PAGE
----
Drug delivery – now that’s a tricky field. The variety of drug substances is large, and the ways that they’re taken up and distributed in living systems are many. And we’d like control over the process, which we don’t often have. A typical kid’s question is “How does the aspirin know where the headache is?” and the pharmacokinetic answer is “Hah! It doesn’t! That’s why we soak every part of your body in it that the bloodstream can reach!”
And that’s still the norm – get it into the bloodstream and hope for the best, which is sometimes a big enough problem all by itself. You can get slightly more refined by choosing diseases that occur in places where compounds are distributed unusually, although I wouldn’t necessary use “refined” to describe injecting something right into the eye (for example). This is also the thinking of the “Well, we know that this is never going to make it past the liver, so let’s see if we can find something for it to do in the liver” school of thought.
This editorial (from Jean-Cristoph Leroux at the ETH in Zürich) looks at the drug delivery field and asks if perhaps some things are going wrong:
Today, drug delivery is experiencing a major expansion. Recent progress in the field of molecular biology, biotechnology, and material sciences has resulted in the emergence of interesting technologies, which may hold great potential for the development of more efficient and safer pharmacological therapies. Paradoxically, the concomitant upsurge in published reports on drug-delivery systems does not correlate with therapeutic advances.
I know what he means. For some years now, the journals have prominently featured all sorts of highly engineered drug delivery systems – tissue-directed nanospheres and that sort of thing. The work is conceptually quite interesting and seems to hold a lot of potential, but you know, it has been some years now since this stuff started to appear, and the number of these things that have made a dent in the real world is small. Admittedly, there’s a pretty severe time delay involved, with regulatory concerns a big part of it. But the editorial is worried that there’s been too much of a trend towards exotic, overengineered formulations and delivery platforms that will have trouble making it through such hurdles in the first place.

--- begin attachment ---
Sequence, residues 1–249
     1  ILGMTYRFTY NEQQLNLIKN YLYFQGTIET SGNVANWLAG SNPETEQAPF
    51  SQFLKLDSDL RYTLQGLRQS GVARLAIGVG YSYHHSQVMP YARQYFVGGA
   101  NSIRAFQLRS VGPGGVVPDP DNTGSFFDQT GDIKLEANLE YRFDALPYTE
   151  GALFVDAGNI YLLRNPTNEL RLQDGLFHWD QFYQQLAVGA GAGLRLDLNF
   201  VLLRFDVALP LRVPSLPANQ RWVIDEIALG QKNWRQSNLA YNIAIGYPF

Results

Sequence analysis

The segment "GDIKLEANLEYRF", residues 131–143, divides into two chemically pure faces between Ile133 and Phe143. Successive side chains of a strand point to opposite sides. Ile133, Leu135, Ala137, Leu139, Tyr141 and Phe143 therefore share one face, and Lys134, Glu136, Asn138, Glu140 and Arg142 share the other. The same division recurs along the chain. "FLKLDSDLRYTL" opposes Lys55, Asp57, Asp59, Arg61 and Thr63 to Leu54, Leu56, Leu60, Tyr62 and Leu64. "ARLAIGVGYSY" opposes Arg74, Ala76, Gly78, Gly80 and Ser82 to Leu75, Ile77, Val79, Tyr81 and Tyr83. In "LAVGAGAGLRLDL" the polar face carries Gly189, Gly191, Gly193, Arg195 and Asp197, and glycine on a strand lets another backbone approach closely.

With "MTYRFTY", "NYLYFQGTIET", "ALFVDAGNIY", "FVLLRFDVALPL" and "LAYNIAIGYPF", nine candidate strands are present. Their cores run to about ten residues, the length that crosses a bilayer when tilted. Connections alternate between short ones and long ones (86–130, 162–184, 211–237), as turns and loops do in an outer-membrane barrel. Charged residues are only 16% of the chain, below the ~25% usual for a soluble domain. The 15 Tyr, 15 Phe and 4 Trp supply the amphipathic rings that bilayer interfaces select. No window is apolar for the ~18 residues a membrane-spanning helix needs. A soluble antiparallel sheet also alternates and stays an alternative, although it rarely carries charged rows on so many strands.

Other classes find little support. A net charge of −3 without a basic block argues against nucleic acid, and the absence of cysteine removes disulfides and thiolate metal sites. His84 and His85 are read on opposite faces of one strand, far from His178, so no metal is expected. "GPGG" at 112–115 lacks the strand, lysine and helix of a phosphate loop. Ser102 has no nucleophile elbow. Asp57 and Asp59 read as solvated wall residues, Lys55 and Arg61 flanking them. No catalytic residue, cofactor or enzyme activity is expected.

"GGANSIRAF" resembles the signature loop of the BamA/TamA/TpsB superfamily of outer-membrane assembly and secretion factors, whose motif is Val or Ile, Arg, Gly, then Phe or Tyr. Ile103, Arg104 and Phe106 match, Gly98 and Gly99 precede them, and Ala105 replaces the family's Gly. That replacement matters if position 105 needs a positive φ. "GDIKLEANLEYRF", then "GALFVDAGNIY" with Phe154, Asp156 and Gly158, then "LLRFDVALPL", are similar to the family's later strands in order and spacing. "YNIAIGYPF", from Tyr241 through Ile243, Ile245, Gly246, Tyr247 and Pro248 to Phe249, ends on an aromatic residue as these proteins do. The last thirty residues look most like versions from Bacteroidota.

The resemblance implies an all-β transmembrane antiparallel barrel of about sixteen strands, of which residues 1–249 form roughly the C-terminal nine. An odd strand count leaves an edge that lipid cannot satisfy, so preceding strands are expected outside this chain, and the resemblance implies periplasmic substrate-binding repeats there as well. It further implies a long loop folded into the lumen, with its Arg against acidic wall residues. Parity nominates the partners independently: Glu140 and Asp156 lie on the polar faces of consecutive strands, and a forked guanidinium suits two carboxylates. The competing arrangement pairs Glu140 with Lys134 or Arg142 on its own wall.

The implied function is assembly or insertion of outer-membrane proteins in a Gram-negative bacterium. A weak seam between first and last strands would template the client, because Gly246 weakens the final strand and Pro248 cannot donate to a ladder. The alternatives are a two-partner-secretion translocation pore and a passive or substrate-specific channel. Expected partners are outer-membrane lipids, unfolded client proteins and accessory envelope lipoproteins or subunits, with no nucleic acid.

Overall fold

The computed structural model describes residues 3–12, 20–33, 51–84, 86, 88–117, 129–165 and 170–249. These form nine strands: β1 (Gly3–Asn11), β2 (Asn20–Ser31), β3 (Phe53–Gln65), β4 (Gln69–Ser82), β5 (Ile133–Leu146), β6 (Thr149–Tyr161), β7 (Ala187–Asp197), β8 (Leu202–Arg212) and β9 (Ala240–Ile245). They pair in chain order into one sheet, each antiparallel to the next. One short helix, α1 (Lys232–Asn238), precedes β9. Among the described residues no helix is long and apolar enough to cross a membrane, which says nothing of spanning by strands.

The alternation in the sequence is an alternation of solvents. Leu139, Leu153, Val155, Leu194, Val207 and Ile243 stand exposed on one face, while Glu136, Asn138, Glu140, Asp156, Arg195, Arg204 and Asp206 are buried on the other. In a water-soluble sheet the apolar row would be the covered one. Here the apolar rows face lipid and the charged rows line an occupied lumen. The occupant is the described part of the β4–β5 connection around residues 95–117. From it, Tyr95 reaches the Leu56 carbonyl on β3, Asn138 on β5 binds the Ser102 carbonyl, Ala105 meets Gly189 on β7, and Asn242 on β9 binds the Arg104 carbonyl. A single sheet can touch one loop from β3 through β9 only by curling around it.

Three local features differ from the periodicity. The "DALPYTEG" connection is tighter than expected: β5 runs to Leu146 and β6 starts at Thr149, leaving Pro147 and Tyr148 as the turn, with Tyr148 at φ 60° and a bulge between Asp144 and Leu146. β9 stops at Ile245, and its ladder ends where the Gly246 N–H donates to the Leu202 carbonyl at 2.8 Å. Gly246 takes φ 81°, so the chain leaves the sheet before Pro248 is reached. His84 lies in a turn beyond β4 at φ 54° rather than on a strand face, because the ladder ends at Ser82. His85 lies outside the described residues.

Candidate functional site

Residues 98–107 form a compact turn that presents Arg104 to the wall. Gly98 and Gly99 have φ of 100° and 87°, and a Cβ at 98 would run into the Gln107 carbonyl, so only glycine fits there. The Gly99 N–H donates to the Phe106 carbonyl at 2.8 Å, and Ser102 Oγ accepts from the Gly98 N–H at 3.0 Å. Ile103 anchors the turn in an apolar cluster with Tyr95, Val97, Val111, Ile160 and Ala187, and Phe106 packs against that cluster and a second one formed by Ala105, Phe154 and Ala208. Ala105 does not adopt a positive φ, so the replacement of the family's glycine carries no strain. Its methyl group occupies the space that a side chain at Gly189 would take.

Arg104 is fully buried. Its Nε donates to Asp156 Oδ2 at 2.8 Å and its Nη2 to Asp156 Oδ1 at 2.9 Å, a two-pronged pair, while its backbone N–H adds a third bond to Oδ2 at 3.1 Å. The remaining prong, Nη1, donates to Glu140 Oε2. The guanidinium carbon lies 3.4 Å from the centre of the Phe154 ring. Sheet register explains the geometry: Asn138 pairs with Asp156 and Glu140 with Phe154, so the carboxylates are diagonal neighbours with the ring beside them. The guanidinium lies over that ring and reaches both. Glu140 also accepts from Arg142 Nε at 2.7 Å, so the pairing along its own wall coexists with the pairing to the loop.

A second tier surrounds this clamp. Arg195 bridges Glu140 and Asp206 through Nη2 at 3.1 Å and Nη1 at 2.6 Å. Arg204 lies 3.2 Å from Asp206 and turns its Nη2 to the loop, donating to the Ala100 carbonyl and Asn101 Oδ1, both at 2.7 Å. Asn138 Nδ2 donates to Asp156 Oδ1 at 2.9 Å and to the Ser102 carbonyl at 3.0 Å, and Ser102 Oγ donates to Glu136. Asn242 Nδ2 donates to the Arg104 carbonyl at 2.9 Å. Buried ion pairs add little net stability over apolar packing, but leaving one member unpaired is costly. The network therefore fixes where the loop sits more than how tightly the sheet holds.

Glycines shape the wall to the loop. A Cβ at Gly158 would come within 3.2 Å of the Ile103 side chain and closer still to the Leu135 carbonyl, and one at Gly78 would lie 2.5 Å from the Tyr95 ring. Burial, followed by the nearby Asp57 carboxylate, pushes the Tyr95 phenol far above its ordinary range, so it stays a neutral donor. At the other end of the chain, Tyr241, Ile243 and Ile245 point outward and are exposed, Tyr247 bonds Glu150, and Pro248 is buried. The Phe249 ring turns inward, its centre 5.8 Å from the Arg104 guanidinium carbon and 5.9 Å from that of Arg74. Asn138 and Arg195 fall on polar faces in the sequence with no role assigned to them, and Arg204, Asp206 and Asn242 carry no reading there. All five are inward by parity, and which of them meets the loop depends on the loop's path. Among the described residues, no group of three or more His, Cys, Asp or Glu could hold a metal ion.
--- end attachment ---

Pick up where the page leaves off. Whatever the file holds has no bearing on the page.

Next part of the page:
Some of the assumptions behind these efforts may not hold up, either:
Indeed, a large proportion of what is nowadays published, especially in chemistry and nonspecialized journals, relates to nanosized carriers (nanoparticles, nanocapsules, drug–polymer conjugates, etc.) aimed at directing anticancer drugs to neo- plastic tissues. In such systems, the tumor-targeting principle generally relies on the enhanced permeation and retention (EPR) effect. However, this constitutes the main limitation of the “nanomedicine” dogma, since the EPR effect is increasingly recognized to be much less prominent in humans than in the classical rodent models employed to demonstrate antitumoral activity.
One might ask whether some of these things are “funding bait”, going after high-profile subjects like cancer with high-profile approaches like nanotechnology. It would be unfair to characterize the whole field like this, but it would be unrealistic to pretend that this isn’t a factor, either. And by “funding”, I have in mind both academic grants and industrial biopharma money as well.
They’re certainly “publication bait” in many cases, and that’s one of LeRoux’s big points: the specialist journals in this area are publishing a bit less of the gaudy stuff, which is instead showing up in the broader-interest journals. And that stuff is perhaps not getting the detailed reviewing it should when it moves up in this fashion, which is a general problem in the literature. You end up with a situation where the highest-profile publications end up as some of the less potentially reproducible ones, a situation that the chemists and biologists in the crowd will be familiar with. Toxicity is just one of the issues that can get swept under the scientific rug under these conditions.
Reproducibility is another thing that LeRoux highlights, and he makes the (valid) point that in a field as close to the clinic as drug formulation and delivery that it really should have higher standards than usual. These are technologies that could have direct impact on human patients and volunteers, and some serious money will be spent in that regard. The field is not well served by the excuse that finicky details are hard to translate from one lab to another – this is an area, like process chemistry, that is supposed to be hammering those sorts of things out, not using them to rationalize trouble. The whole point is generating robust work.